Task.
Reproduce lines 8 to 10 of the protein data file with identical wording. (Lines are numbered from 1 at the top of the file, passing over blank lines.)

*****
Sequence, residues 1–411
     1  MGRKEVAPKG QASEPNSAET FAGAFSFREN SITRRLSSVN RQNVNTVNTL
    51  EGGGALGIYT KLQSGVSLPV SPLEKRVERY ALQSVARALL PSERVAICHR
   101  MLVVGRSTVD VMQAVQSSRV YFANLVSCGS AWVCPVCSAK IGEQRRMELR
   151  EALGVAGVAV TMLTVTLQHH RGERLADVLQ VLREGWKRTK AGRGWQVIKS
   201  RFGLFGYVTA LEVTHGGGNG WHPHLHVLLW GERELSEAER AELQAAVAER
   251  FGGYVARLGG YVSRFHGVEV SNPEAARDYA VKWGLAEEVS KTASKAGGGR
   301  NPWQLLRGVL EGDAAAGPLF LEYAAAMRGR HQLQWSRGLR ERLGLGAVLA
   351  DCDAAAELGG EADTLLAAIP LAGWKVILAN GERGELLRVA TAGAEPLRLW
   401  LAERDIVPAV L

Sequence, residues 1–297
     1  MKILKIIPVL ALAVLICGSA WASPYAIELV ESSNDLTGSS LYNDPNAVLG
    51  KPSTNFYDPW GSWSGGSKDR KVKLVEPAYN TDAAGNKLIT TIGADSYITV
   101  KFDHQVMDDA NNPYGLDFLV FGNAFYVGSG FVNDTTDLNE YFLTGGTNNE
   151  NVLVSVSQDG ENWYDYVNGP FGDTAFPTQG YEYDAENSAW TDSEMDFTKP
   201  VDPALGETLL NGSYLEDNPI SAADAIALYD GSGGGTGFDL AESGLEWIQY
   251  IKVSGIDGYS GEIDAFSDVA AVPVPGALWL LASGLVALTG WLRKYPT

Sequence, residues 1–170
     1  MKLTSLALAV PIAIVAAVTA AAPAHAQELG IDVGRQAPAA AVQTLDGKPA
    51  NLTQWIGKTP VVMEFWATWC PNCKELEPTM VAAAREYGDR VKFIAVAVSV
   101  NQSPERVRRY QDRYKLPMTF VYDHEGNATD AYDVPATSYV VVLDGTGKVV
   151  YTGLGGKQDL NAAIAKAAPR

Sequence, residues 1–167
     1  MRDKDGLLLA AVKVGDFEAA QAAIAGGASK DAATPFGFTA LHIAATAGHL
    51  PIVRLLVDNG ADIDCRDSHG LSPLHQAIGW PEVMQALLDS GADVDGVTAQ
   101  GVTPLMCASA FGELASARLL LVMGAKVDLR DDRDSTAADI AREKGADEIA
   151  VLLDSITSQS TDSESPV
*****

   301  NPWQLLRGVL EGDAAAGPLF LEYAAAMRGR HQLQWSRGLR ERLGLGAVLA
   351  DCDAAAELGG EADTLLAAIP LAGWKVILAN GERGELLRVA TAGAEPLRLW
   401  LAERDIVPAV L